Data was analyzed using SPSS Version 11.5. Chi-square test was used to compare the awareness and attitude toward PLWHA across the educational category and p value <0.05 was considered statistically significant. The educational categories were defined as below secondary school (eighth standard) and secondary school and above.

   Results Top

The demographic profile of the study population is as shown in [Table 1]. Majority (62%) of the participants were aged between 18 and 29 years. Males (63%) outnumbered the females. Overall, 89.1% of the participants had an education of secondary school and above.

The awareness of modes of transmission of HIV/AIDS is displayed in [Table 2]. More than 90% of the respondents appropriately reported that unsafe sex (98%), needle sharing (94%), and blood transfusion (97%) are possible ways of getting infected; 52% thought that HIV/AIDS does not spread via breast feeding. About one-third (34%) of the population were of the opinion that one can get infected by physical contact with a patient. It is reassuring to note that only a minority incorrectly stated that the disease spreads through mosquito bites (9 %), public toilets (7%), drinking from the glass an infected person has used (6%), and kissing on the cheeks (12%). On comparing the awareness of the respondents on the mode of spread of HIV and educational levels , more respondents with less than secondary education felt that HIV can spread by mosquito bite & kiss on the cheeks as compared to those with more than or equal to secondary level education and this difference was found to be statistically significant.

[Table 3] shows the attitude of the respondents toward PLWHA. Among the respondents, 81% were of the opinion that patients should not be isolated from society, 89% opined that infected children should attend regular schools, and 95% responded that they would not hesitate to sit next to a PLWHA in the bus. Sixty-one percent felt sympathetic toward PLWHA and 80% stated that they were willing to take an HIV/AIDS patient to the hospital from an accident site; 86% stated that they would not stop going to their usual grocery shop, if they found out that the owner was HIV positive. Only 12% stated that they would divorce their spouse if he/she turns out to be infected, 45% would dismiss their maid if she was HIV positive status, and 27% stated that they would be uneasy and apprehensive if their child's classmate had HIV/AIDS. Only about half the study population (54%) was willing to undergo the test for HIV/AIDS. The respondents with an educational level less than secondary school had a discriminatory attitude toward HIV positive people with regard to them deserving to suffer, dismissing a HIV-positive maid, hesitating to sit next to a HIV-positive person in the bus, divorcing the infected spouse, and willingness to get tested for HIV, which was found to be statistically significant.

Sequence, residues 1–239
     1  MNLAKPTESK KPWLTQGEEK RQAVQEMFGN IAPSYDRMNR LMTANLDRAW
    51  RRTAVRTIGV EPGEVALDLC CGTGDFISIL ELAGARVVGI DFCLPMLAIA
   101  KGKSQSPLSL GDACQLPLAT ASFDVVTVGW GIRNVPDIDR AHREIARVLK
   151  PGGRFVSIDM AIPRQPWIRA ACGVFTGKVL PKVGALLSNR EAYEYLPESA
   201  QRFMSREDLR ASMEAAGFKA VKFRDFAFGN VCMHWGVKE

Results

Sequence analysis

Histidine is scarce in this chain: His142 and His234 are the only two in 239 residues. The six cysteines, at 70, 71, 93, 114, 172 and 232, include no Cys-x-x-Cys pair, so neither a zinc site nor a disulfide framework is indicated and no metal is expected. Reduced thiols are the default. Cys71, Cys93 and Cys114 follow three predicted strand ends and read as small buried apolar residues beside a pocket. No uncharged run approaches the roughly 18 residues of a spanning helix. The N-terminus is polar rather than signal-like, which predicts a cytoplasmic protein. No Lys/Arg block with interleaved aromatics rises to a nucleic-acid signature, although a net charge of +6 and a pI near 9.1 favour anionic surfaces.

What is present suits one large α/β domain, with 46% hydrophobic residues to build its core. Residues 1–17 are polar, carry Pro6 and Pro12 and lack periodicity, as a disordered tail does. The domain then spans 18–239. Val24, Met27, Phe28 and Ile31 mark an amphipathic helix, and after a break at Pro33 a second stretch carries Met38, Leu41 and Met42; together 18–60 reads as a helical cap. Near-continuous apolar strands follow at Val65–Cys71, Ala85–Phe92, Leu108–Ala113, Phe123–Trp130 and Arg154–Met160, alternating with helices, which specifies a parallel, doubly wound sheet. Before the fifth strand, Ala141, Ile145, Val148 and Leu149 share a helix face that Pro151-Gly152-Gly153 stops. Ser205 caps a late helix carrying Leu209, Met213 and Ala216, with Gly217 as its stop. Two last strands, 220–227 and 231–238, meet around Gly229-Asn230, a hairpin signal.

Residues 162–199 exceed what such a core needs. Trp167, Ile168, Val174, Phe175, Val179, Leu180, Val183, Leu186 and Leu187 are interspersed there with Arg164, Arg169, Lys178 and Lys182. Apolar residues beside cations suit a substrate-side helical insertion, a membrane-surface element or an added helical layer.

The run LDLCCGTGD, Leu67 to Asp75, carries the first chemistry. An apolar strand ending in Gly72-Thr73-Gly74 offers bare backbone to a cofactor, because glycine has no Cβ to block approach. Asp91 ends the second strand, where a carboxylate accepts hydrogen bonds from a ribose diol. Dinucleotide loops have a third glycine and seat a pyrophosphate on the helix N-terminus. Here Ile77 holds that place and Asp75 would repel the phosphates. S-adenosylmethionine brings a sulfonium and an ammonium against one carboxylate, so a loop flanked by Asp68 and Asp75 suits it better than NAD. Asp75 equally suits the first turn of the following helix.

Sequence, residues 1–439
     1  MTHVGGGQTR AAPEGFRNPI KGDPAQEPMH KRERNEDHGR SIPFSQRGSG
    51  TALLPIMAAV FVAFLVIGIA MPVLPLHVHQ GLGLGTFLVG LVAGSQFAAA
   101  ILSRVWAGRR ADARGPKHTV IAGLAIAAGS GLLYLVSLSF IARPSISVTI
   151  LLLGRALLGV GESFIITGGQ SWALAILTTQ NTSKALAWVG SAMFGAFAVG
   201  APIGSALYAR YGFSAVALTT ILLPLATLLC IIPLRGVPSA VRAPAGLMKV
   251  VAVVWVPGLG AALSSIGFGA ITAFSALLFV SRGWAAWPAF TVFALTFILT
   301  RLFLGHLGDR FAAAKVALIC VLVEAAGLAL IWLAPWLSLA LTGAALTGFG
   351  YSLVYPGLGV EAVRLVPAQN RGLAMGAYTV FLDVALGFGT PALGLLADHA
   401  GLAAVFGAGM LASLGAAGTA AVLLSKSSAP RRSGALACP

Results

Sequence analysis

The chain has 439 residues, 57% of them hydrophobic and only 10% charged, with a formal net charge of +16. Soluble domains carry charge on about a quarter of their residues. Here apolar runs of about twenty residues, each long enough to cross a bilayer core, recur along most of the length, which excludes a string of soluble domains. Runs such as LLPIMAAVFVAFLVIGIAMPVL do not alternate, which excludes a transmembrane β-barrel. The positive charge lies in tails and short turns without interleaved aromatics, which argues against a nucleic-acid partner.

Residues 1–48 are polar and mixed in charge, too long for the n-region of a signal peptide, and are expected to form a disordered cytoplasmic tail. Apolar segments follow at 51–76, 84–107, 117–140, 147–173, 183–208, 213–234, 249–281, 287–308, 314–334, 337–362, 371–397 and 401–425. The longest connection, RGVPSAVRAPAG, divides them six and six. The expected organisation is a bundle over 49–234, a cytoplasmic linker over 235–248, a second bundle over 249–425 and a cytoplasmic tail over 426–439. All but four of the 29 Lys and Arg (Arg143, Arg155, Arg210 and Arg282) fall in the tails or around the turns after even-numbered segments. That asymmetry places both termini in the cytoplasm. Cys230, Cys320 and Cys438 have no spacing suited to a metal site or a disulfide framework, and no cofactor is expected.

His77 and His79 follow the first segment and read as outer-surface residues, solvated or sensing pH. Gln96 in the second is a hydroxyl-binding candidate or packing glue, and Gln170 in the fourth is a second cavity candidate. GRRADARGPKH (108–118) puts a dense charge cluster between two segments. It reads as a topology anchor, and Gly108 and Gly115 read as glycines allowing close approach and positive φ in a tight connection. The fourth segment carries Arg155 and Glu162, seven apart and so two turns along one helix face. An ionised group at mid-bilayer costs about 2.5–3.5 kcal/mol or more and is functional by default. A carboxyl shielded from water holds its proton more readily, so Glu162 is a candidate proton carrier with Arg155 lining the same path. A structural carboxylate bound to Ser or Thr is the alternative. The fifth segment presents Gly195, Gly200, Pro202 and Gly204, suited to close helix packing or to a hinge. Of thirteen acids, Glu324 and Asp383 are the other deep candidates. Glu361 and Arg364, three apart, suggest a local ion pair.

Discussion Top